One of the biggest errors hiring managers make is writing a job description without first clearly defining the job’s roles and key responsibilities. Such job descriptions can actually cast a company in a bad light, making it seem unorganized, unprepared and even underfunded.
For example, one company seeking a CEO listed qualifications such as “access to e-mail and a computer”; “familiarity with the parliamentary rules of order”; and “strong project management skills”. While these may be skills important in the day-to-day functioning of the organization, these qualifications don’t really get to the heart of what’s expected from the CEO in terms of setting out the overall corporate mission and making sure its execution leads to a more successful organization.
Top-quality executive recruiters often recommend that before writing a job description, it’s important to define the role by developing a Position Success Profile. This approach can help do the following:· Attract the best candidates – especially top talent who’s not even actively seeking a new position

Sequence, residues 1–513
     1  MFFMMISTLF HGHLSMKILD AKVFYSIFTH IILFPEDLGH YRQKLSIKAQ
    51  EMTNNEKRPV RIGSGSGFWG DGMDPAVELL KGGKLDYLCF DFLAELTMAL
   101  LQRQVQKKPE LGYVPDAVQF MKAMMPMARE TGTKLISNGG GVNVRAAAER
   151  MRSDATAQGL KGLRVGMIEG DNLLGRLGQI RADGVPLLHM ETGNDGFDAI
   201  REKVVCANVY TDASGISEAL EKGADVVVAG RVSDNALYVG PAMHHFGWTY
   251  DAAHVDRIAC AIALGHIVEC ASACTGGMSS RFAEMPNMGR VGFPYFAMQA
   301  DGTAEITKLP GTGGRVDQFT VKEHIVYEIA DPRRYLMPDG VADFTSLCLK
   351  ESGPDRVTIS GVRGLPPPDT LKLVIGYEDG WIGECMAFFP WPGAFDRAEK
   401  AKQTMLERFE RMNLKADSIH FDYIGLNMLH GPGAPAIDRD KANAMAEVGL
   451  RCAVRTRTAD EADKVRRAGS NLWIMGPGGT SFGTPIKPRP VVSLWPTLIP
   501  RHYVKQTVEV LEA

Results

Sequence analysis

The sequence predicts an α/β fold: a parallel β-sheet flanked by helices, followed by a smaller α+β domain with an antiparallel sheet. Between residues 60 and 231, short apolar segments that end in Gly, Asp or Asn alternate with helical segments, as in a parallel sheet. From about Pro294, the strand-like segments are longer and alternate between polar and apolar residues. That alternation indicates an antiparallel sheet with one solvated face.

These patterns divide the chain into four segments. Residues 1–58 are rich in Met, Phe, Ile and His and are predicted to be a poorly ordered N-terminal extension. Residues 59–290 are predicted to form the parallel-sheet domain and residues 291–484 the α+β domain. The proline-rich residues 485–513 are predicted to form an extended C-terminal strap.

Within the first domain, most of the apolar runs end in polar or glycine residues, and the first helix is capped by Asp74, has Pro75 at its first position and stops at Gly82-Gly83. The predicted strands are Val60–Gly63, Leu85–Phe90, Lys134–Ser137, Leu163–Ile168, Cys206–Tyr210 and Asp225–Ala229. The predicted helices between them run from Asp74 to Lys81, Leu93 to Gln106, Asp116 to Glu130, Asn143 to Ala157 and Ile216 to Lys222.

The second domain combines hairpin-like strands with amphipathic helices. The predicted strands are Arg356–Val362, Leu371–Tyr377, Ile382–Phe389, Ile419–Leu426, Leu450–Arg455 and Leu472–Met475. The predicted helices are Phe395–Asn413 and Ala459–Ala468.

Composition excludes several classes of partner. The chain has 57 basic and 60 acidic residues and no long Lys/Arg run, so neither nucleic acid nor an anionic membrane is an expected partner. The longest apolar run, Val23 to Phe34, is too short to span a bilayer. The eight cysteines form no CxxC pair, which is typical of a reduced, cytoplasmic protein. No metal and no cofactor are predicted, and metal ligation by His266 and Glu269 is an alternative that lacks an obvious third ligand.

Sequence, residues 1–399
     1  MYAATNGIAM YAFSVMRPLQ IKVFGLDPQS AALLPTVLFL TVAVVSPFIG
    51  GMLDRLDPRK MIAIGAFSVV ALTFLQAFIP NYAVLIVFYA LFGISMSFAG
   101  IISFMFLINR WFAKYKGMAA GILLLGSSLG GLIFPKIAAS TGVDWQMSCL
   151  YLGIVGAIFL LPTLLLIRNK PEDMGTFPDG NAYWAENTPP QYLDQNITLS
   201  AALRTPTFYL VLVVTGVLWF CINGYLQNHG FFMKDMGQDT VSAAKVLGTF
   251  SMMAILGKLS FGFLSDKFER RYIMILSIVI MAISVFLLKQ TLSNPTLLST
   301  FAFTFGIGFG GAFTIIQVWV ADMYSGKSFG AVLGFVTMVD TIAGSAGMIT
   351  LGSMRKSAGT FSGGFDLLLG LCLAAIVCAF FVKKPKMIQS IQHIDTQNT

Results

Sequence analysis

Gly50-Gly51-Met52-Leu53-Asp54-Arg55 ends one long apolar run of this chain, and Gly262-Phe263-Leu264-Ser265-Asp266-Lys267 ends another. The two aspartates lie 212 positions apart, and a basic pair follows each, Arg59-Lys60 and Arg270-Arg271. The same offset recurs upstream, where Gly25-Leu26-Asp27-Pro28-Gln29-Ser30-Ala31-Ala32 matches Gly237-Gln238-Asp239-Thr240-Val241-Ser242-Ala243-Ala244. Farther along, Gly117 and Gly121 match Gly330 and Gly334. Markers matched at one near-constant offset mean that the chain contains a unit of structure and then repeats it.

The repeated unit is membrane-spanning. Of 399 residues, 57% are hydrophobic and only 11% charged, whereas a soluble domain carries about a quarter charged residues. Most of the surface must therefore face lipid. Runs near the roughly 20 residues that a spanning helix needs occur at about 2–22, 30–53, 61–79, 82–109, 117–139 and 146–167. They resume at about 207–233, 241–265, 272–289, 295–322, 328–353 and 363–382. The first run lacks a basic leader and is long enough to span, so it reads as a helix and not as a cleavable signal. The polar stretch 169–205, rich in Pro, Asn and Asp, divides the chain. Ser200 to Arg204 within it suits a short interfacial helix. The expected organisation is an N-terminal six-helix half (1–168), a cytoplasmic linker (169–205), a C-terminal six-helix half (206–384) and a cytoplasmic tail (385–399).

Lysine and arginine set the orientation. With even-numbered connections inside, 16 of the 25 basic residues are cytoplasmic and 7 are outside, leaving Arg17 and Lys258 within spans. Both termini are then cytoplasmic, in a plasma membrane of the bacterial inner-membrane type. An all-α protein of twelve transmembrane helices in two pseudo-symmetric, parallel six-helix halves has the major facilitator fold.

· Align the company, department and individual goals
· Outline goals and expectations of performance objectives
Here are the four key steps that recruiters follow when they develop a job description/position success profile:
1. Outline the key goals – What does the company aim for over the next 12 to 18 months? What are specific departmental goals and targets? How will the new hire help meet both corporate and department goals?
2. Identify challenges – What are likely challenges the new hire mace face in reaching the above targets and goals? Sometimes, a new hire is up for big challenges, but she or he doesn’t always want to just move from one difficult position or company to another with equal or even bigger challenges. It’s important when writing a job description to motivate, but not scare off, potential talent.
3. Outline key tasks and activities – Define, specifically, the steps and activities that are critical to overcoming challenges and meeting or exceeding company goals.
4. Define your results and what you mean by success – This step is too often neglected in writing a job description. Without a clear definition of results and success, a new hire may end up focusing on a secondary goal or achieving a measure of success that’s not aligned with the company’s view of ‘success.’ This is a really important step when hiring for sales and sales management positions, since they typically have experience working toward very specific and measurable targets.
In a nutshell, you and your hiring team must identify goals, challenges, key tasks and activities, and then define what success for a new hire means. Following this process makes writing a job description easier and helps you find the best possible candidate for your position.
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